TVTOR Magazine by Matthias Vriens-McGrath

Posted on March 11 2014

Hey there Pretty Birds,

I was so happy when Paolo Cesana, my boss at Out There, mentioned that our Creative Director Andrew Wren was named Artistic Director to famed photographer and editor Matthias Vriens-McGrath’s (MVM) new magazine TVTOR. MVM, as some of you may already know, was the Editor-in-Chief behind dutch magazine, considered one of the most influential magazines of the nineties. MVM is also known for serving as Creative Director at Giorgio Armani and Senior Art Director for the Gucci Group. After leaving those posts, he embarked on an extremely successful career as an editorial and portrait photographer, shooting for industry stars like Vogue Hommes International, The New York Times, Interview, and Numéro. Was I intimidated to meet him? Hell yeah! You’ve read the same stories as I have about the egos on these super-creative types. But, MVM turned out to be such a sweet, funny, endearingly sarcastic (I love this characteristic in a person) gentlemen.

I remember the excitement that I felt when he invited me and my fellow Out There colleagues to a walk through of the final layout of TVTOR. We heard that there were some pretty racy images and were exploding with anticipation. As he took us through the pages and spoke so passionately about this first issue entitled ‘Romanticism’, I couldn’t help feeling inspired, moved by the images, and totally ready to personally buy 100 copies as gifts for all of my closest friends. It was indeed a pretty romantic day, ending with a lovely dinner at Paolo’s house where, after having my cashmere socks charmed off by Matthias, I mustered up the courage to ask for this interview. And here’s what we said. Please enjoy.

ATPB: What is the concept behind TVTOR?
MVM: There’s no concept. As Stefano Tonchi told me last month, “TVTOR is from front cover to back cover MVM.”  It is my vision, my vocabulary, my gold dust. As pompous as this might sound, It is the only way I can and will work, I do what I like. And after a couple of decades working like this, it turns out to be rather successful.

ATPB: Why the name TVTOR?
MVM: Five letter word, uneven number, ‘T’ Graphically perfect in the middle. Snappy sound to it, perfect brand identity and not around just yet.

ATPB: TVTOR offers a generous body of mixed content (392 pp.). What is art for you today? And design? How do you see fashion?
MVM: Art for me today is fashion. And Fashion has always been art. It’s just that the art world is a lot more uptight about sharing this space than vice versa. Design is actually both. I see Jeff Koons as much as a designer as an artist.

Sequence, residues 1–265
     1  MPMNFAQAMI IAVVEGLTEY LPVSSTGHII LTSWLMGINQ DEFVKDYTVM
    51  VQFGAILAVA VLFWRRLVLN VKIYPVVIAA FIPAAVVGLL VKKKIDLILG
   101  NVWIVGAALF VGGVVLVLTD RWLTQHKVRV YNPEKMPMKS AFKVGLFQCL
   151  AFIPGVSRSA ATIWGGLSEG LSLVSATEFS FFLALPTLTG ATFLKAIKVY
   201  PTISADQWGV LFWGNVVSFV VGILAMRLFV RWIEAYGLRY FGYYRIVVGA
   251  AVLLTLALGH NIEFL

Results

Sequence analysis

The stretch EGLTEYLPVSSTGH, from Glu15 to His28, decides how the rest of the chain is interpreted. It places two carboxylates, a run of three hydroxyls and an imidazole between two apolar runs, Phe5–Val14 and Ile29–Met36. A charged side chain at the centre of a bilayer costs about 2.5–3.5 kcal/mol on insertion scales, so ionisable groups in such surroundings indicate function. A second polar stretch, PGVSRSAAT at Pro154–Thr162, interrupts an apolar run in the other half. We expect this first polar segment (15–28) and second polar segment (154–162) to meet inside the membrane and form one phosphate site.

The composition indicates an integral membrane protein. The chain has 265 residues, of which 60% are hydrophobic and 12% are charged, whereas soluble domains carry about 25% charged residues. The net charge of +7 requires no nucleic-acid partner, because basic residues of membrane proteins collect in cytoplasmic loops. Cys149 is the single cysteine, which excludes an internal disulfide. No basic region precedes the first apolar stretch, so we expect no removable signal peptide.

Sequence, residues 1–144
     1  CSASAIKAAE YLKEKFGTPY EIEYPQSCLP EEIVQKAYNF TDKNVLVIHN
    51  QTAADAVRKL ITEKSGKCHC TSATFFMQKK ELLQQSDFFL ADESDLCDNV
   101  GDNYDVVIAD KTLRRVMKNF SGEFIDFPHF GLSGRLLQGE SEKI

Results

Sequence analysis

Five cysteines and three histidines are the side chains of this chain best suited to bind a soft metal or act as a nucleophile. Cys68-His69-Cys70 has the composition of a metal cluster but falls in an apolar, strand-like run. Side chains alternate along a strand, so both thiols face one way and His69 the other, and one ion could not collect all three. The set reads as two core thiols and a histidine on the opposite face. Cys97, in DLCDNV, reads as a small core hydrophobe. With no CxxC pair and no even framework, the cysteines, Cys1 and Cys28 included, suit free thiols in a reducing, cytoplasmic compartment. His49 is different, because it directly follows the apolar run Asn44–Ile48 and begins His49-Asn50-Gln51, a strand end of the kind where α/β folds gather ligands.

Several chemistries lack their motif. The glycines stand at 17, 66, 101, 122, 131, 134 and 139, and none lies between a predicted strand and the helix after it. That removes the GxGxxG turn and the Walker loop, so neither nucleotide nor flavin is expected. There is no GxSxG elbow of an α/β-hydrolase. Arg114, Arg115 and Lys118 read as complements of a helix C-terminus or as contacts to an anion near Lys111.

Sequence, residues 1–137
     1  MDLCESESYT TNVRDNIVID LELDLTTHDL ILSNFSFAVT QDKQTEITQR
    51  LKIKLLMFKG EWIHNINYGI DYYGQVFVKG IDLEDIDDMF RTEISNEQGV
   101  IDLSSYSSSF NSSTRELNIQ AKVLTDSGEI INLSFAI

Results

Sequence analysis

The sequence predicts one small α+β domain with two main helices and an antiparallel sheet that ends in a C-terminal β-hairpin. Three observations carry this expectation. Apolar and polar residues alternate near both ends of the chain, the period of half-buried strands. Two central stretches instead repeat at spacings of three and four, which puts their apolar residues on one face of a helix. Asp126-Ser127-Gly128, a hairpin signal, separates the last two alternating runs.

I have not gone to see live fashion shows in a long while. I devour them on and my desk top is a giant visual spaghetti of runway pics. This season I returned and realized that watching a good show is nothing but sheer magic. The Givenchy show was absolutely astonishing, making me consider a quick sex change. The use of color, shapes, materials… the girls themselves absolutely delicious. Fendi absolutely delicious, genius – a fur baby Karl must be on everybody’s wish list. Karl has instantly become so hot, he beats any sex doll. Haider Ackerman, chic deluxe, etc, etc.

ATPB: Your stories are as provocative and strong as ever – how do you choose your features/ subjects/ artists and models?
MVM: Instinct. Plan A. Then that gets fucked up and I move to Plan B., which often turns out better. I am a firm believer in “three times nothing,” it’s a survival mode. TVTOR is self-financed, published by me. There is a substantial lack of budget, and in order to survive, I have to be smart about things. I cannot afford to drop material and must be sure it is worth shooting in the first place. I haven’t slept for a while for that reason.

ATPB: Nudity, sometimes too strong for the average Joe and Jane – you have always been a fan. What’s your deal?
MVM: We are all naked underneath our Chanels, Saint Laurents and Fendis. Some people might have a negative preconceived notion towards it, I rather embrace all of it. As a matter of fact, I am revolted by the notion that a nipple needs to be digitally erased from a woman’s bra or blouse, resulting in an amputated barbie tit image.

ATPB: Why this choice?
MVM: I like it, I think people are beautiful. Sex arouses me and others, and surprise, surprise it also happens to sell.

ATPB: How comfortable are you with your own body?
MVM: Enough to have attended a naked yoga retreat once.

ATPB: The cover of the magazine is pretty provocative, what was your inspiration? What are you trying to communicate?
MVM: 18th and 19th century ‘Romanticism’, embraced nature and death being a part of it, the covers reflect this notion in indeed a provocative way. Yet it could be seen as a modern day Romeo and Juliet, or Hansel and Gretel. And how glamorous is a Chanel in the oven?!

ATPB: Who is the TVTOR reader?
MVM: Simply anyone that likes this. I have nobody in mind that I intend to please. TVTOR Will be idiosyncratically diverse and ditto consistent.

ATPB: Why such an impressive and expansive print project in this era of digital media?
MVM: I would not have spent my piggy bank on it, if I didn’t believe in it. Print has a distinct magic to it, which digital lacks entirely. The shelves are blowing off the wall with magazines still today. The market is so saturated, most of the mags are not worth killing a bunch of trees over, but they’re there. And most of them are all alike, perfectly fine for TVTOR, since we look pretty much like nothing else and have therefore created a market within a market.

ATPB: What comes after ‘Romanticism’?
MVM: Wouldn’t you like to know Pretty Bird?

Margherita Calabi contributed to this post.

The post TVTOR Magazine by Matthias Vriens-McGrath appeared first on All the pretty birds.


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